Memory, creativity, intellectual performance seem to get a boost from sleep
SUNDAY, Jan. 31 (HealthDay News) -- Get enough sleep -- whatever that means for you -- and you're likely to ace that test, think more creatively, have better long-term memory and preserve important memories.
That's the bottom line behind a spate of recent studies.
But why sleep has those effects and how that information can be used to your advantage are questions still under study, said Dr. Robert Stickgold, an associate professor of psychiatry at Harvard Medical School and director of the Center for Sleep and Cognition at Beth Israel Deaconess Medical Center in Boston.
"The sleeping brain is not stupid," said Jessica Payne, an assistant professor of psychology at the University of Notre Dame in Indiana, who has researched the effect of sleep on memory. "It's smart, and it's making sophisticated decisions about which memories are important and should be held onto."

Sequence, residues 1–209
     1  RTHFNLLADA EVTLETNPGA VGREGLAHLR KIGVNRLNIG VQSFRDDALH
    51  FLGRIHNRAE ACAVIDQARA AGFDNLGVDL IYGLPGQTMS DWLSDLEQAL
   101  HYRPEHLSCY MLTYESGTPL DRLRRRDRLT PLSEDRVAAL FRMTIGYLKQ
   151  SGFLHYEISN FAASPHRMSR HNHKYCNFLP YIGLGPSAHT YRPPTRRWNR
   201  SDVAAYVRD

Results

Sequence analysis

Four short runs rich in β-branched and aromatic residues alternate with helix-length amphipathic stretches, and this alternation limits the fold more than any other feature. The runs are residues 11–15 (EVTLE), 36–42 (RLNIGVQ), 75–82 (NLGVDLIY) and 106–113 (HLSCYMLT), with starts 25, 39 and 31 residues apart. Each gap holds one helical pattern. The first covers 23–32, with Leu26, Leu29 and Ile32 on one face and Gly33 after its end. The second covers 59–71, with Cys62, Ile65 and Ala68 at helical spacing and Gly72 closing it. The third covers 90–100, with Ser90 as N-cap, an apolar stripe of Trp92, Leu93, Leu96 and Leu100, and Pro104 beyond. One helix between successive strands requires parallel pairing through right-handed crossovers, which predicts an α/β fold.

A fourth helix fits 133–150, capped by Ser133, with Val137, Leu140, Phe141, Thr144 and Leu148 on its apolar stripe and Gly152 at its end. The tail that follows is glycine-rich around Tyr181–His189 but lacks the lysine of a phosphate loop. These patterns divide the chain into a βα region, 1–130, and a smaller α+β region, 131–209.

Yet why sleep is so crucial for memories remains a big mystery, Payne and Stickgold agreed.
"It turns out we are not like TiVo," Stickgold said, comparing humans to the video recording device. "TiVo is good at recording one station while it shows you another. We can't do that. We can't simultaneously take in information and process it."
Rather, he said, sleep helps in the whole information-processing part of the picture. "It might be that sleep is an amount of time to give the brain a chance to go offline and shift into a different psychological mode that's evolved to perform certain types of memory processing," Stickgold said.
Though there's still much to be learned, he said, research suggests that REM sleep -- the stage of sleep involving rapid eye movement -- seems to be the phase that resolves the issue, or tells you what to do with new information.
Someone who can't decide whether to take a new job, Stickgold said, rarely sa
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